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7 Presentation Tips from Stand-up Comedians

By John Millen 

By now you no doubt know that I believe there’s a fascinating story in all of us. All we have to do is ask people about their stories and listen. That’s why I accept offers for coffee or calls with readers when time allows.

I was rewarded when I recently had Wednesday coffee with Daniel Steinberg, a longtime reader. I learned that Steinberg, a Rabbi and educator here in Columbus, Ohio had for almost a decade pursued a career in comedy, after serving as a young intern for Saturday Night Live and the Howard Stern Show.

Last year, Daniel again got the creative itch and began writing and performing shows here in Columbus. You can learn more about Daniel at the end of this article.    

What follows are seven tips from Steinberg about the lessons we can learn from comedians for our own presentations.

1) Treat an audience of three like three thousand.  Comic Kirk Fox says this because every audience, no matter how large, is comprised of individuals, and every individual is deserving of your best presentation.

2) Treat an audience of three thousand like an audience of three. Fox also says not to be daunted by the numbers. Speak to this group of assembled strangers as if they belong together, and you will bring them together and create as intimate an environment as your own living room.

3) Nervous? Acknowledge it and they’ll love you for it.  There is a scene at the beginning of Richard Pryor’s stand-up comedy special Live at the Sunset Strip, where, in a moment of openness and vulnerability he calls for some water to help calm his nerves. 

After taking a drink, he candidly confesses to the audience: “All I needed was some water to calm down, re-lax. Because I know you all want me to do well, and I want so much to do well for you. But let’s just relax, calm down, and let whatever happens, happen.” The crowd erupted into loving applause. It worked wonders to completely disarm the crowd and win them over to his side for the rest of the show.

4) Write a “set list”.  Prior to a show, comedians will prepare a short, bulleted point list of the topics they plan to talk about, and possibly a few subcategories under each main point.  This serves two purposes: Studying your set list will help you recall the sequence of your content far easier than merely memorizing everything you’re going to talk about in the order you plan on presenting it. 

And writing a set list forces you to consider the structure of your content.  Is there a natural progression from the first topic to the last? If not, consider revisiting your subject matter and its order, until an implicit narrative emerges that weaves everything together.

5) Have a go-to story or joke.  Even the most seasoned professionals go blank onstage from time to time and forget what they were going to say next.  Comedians always have a stockpile of “street jokes” at their fingertips for just this occasion. Street jokes are humorous, non-original jokes whose structure is perfect for impromptu telling, regardless of the context.  (“Did you hear the one about…?”)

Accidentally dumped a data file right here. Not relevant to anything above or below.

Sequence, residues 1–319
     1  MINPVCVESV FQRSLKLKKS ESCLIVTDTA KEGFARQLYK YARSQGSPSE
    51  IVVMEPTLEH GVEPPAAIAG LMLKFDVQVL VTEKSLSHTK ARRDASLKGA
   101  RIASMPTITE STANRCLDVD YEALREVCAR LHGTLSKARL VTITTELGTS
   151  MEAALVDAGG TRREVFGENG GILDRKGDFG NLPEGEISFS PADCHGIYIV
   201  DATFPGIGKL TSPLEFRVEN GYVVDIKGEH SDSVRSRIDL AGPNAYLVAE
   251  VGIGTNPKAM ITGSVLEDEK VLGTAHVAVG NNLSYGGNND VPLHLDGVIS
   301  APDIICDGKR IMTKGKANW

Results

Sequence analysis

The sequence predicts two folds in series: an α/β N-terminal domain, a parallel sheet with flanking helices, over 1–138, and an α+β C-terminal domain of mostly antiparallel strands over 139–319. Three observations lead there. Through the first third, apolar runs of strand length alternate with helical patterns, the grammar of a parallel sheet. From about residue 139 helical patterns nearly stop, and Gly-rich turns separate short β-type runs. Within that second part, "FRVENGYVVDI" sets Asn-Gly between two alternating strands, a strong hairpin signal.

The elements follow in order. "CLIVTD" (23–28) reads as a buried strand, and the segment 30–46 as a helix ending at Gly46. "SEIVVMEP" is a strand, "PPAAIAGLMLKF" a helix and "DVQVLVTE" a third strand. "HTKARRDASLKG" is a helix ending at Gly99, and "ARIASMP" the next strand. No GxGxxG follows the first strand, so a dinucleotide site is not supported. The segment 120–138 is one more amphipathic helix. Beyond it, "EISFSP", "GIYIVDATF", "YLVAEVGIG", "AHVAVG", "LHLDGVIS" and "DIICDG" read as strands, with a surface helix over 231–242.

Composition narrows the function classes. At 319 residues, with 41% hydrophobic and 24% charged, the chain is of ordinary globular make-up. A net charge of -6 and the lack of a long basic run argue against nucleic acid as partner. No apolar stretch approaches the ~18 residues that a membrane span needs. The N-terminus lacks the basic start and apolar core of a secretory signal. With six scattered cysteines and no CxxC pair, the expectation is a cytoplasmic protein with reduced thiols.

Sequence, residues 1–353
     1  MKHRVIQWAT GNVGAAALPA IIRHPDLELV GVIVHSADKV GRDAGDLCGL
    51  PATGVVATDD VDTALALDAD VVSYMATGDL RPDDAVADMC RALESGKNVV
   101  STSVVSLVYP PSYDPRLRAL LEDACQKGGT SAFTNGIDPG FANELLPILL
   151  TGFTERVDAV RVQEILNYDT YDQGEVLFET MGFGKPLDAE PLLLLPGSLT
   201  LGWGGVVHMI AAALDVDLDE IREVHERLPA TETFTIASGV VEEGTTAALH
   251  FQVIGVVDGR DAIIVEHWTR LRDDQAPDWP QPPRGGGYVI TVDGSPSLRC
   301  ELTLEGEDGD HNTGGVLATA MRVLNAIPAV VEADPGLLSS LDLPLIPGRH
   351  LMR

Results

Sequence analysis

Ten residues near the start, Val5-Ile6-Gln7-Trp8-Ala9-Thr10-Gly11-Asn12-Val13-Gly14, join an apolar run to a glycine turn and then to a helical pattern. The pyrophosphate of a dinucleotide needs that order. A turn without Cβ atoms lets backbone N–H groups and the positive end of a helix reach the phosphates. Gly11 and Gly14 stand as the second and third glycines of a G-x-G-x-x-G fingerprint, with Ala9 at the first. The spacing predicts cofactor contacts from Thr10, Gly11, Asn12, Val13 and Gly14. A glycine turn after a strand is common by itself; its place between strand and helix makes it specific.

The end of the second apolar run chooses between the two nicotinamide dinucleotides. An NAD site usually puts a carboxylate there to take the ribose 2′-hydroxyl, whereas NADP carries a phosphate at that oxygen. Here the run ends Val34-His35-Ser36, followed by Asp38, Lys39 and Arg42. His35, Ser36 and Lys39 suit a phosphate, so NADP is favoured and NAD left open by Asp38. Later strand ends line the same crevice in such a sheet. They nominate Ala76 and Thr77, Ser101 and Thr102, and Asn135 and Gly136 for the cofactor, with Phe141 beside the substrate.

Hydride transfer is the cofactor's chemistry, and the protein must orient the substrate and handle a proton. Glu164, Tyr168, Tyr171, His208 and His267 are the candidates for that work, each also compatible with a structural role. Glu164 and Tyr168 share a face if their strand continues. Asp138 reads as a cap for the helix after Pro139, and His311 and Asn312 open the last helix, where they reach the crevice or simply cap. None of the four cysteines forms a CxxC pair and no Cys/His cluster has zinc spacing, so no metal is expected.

This buys them the several moments they need to recall their routine and get back on track, without losing the audience in the process. Curate funny jokes and interesting stories and you’ll never appear to be at a loss for words, even when you are.

6) Hold their attention. Analyze your favorite contemporary comedians and you’ll notice they deliver a laugh every three or four lines. That’s what it takes nowadays to hold an audience’s attention. While your goal might be to educate or persuade rather than to entertain, be conscious when preparing your speech of how long you go before providing another engaging or fascinating nugget.

7) Always leave ‘em laughing. It’s tempting to give your audience everything you’ve got, but in show business the rule is, “Always leave them wanting more.” Quit a great presentation on a high note, while you’re ahead, and they’ll keep coming back for more of you every time.  Stuff them with too much and you’re likely to make them sick of you.


Many thanks, Sunday Coffee newsletter reader Daniel for these tips from professional comedians that can be helpful with our every day presentations.

Let me add that one of the most frequent questions I get in my presentations skills training is whether to start with a joke. The answer is, if you're not naturally funny, no.

If you are naturally funny, maybe -- if the joke is tasteful and perfectly relevant to your point. In most cases, the risk outweighs the reward. 

Seinfeld photo by Alan Light via CC 2.0



Daniel Steinberg is a rabbi, educator, writer and part-time comedian based in Columbus, Ohio. You can learn more about Daniel by visiting his website: www.GetMeSteinberg.com


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